“Miracle at the 34th Precinct” is not what I expected, since it isn’t really a take on the classic story at all. It also isn’t what I expected in that the plot is pretty straight-forward and it seems to take itself seriously. There’s very little “wacky” elements present for a cartoon world. The Fall-Apart and Santa scenes possessed some physical comedy, but for the most part I found the whole thing kind of subdued. I was expecting more parody, and maybe some satire, but instead this show was more earnest and genuine in its approach. I’m not about to judge the whole series based on one episode, but I don’t think I like this. It was kind of boring and the characters are just the sort of standard archetypes we’re used to seeing. I suppose there is some humor to be found in a world that looks at the toon elements as ordinary, but I feel like Tiny Toon Adventures already did that, and better. This does feel like Disney trying to do a Warner-type show, and maybe they just don’t have the ability to produce that kind of show. The animation, for the most part, is still well done though it’s not as crisp as something like DuckTales or Darkwing Duck. My guess is that’s intentional as they want the characters to have less definition and thus appear more “toon” in appearance. There’s an artful sloppiness in how the characters move and animate, in particular Lucky, which is kind of odd since he’s supposed to be the human. At any rate, at least it’s not A Christmas Carol parody though!


Dec. 2 – The Tick Loves Santa!

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The Tick Loves Santa! (1995)

The Tick arrived on the Fox Network’s Saturday morning programming block in 1994 after a wave of successful super hero cartoons. With the success of Batman, X-Men, and Spider-Man it meant the timing was right for a parody hero like The Tick to get a shot at finding an audience. Often the last cartoon aired on Saturday, The Tick was like a fun palette cleanser following some of the more dram-laden shows and put a nice a bow on the whole thing. Reuniting Teenage Mutant Ninja Turtles voice actors Townsend Coleman and Rob Paulson as the duo of The Tick and Arthur, the show flourished with its impeccable voice cast, bright animation, and outlandish stories. The Tick was the hero we all needed at 11:30 AM on a Saturday.

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The Tick and Arthur out doing some holiday shopping.

“The Tick Loves Santa!” is the show’s Christmas episode and it arrived in season 2 first airing on November 25th, 1995. The episode opens during the holiday season where a sickly looking Santa Claus is ringing a bell looking for some spare change. Meanwhile, the local police are chasing a robber who happens upon this Santa-clad individual and steals his outfit hoping to thwart justice. His ruse doesn’t work and the police continue their chase. Meanwhile, The Tick and Arthur are walking down main street with their arms full of Christmas gifts trying to deduce what a sugar plum is. The Tick is happily counting down the hours, minutes, and seconds remaining until Christmas while Arthur worries about getting their apartment ready to host a Christmas party. The imposter Santa soon appears and runs right into the mighty chest of The Tick, nearly knocking himself unconscious. The Tick is beside himself with giddiness upon seeing Santa, while Arthur tries to tell him that’s not Santa. The crook comes to, snaps at the pair, and takes off with his sack of cash as the police show up.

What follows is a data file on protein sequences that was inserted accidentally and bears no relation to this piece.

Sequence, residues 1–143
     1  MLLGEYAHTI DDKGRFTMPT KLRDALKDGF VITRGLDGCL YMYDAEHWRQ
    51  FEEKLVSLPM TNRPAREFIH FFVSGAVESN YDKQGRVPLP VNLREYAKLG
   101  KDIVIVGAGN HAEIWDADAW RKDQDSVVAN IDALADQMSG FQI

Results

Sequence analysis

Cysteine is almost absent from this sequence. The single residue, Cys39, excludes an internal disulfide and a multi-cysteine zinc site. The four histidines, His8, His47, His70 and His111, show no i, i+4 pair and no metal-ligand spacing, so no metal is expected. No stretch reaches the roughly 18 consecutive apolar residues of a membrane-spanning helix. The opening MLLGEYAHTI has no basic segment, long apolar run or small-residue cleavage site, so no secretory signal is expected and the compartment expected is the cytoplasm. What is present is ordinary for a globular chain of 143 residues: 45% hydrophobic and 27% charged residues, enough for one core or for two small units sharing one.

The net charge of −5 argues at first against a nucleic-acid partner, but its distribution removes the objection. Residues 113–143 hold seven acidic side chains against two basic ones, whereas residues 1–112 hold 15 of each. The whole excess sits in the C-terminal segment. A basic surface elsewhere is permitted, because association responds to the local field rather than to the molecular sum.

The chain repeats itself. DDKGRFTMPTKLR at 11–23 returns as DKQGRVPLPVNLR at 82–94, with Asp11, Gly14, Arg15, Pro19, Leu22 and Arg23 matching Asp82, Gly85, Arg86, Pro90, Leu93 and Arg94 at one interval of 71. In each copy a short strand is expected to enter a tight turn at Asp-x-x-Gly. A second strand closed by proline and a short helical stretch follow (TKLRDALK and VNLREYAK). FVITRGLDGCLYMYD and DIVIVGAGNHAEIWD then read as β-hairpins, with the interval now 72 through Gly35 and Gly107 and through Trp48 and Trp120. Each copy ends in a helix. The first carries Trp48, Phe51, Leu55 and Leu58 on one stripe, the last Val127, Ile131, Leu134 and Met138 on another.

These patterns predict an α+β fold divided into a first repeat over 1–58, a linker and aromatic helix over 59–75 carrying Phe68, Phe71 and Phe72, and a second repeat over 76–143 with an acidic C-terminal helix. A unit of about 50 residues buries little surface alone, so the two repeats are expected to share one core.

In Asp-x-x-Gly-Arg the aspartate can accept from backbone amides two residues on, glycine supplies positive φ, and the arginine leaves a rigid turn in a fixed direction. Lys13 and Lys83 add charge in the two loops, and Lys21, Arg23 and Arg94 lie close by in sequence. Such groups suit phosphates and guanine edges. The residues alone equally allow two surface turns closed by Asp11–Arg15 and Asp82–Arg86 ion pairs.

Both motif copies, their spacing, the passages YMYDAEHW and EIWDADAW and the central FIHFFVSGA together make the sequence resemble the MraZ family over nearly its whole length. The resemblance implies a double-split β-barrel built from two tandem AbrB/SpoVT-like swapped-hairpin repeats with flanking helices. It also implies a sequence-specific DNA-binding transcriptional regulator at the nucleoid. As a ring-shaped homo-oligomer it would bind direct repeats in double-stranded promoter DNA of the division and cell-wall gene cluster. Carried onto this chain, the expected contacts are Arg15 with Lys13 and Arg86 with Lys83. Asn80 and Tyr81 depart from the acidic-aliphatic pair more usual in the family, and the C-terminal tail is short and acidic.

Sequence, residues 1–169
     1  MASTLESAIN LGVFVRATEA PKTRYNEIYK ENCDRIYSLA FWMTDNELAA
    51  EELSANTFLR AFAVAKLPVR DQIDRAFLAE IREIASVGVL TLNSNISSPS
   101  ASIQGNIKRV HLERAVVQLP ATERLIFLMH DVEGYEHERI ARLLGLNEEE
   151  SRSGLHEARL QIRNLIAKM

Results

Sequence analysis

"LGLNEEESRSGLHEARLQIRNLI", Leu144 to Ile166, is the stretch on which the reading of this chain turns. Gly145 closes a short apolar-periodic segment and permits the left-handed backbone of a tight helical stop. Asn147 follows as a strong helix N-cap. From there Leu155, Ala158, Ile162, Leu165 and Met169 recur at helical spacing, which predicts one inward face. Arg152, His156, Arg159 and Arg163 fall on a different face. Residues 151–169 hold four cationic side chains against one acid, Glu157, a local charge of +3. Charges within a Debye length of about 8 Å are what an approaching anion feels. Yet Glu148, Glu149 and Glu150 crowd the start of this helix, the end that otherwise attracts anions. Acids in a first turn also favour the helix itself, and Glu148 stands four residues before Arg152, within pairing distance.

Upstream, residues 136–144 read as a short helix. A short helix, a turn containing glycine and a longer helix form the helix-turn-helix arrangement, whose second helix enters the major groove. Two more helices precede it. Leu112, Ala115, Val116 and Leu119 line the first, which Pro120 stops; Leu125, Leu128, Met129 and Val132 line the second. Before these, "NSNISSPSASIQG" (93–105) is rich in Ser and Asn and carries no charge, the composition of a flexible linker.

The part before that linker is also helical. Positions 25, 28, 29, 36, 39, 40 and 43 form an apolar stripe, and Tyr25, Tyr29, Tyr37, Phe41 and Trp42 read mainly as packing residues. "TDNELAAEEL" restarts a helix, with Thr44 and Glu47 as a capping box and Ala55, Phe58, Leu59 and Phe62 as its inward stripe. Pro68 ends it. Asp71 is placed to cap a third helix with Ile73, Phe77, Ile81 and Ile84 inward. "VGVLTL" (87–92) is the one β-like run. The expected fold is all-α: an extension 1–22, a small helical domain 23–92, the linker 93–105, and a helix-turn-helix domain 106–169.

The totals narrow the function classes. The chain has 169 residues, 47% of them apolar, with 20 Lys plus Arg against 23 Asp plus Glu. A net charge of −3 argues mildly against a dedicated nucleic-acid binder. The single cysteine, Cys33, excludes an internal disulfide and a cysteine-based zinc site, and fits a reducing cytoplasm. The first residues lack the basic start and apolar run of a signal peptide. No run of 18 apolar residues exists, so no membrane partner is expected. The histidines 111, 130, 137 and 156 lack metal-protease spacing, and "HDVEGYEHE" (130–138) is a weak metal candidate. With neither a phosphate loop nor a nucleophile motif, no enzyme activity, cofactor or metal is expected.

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The criminal who will soon become Multiple Santa.

The Tick is horrified to see the boys in blue are pursuing Santa. Assuming there must be some mistake, The Tick jumps into action to help Santa. They end up on the rooftops where a police helicopter tracks fake Santa who’s growing increasingly frustrated. The Tick intervenes and a cop shouts down to tell him it’s not what he thinks in an almost bored tone as if the police anticipated that The Tick would cause problems for them given they’re chasing a guy dressed as Santa. The robber Santa tries to make a desperate leap and crashes into a neon department store sign and is electrocuted. He falls to his demise as the sack of cash goes up in flames. The cops, seeing that the money is no good, are done while The Tick falls to his knees in sadness at the apparent death of Santa Claus.

Back at their apartment, The Tick and Arthur host their friends for a Christmas gathering:  American Maid, Sewer Urchin, Die Fledermaus, Feral Boy, and Four Legged Man. Tick is miserable and despondent over the death of Santa while the other party-goers try and cheer him up. Arthur apparently decides enough is enough and tries to tell Tick that Santa isn’t real, which only makes Tick mad. Meanwhile, the crooked Santa thief wakes up in the alley he plunged into while duplicates of himself start popping out of the snow. It seems that the electric sign gave him duplicates and the villainous Multiple Santa is born! Naturally, he uses his duplicates (which are all incapable of speech except to say “Ho”) to go on a crime spree knocking off department stores and whatever else he wishes.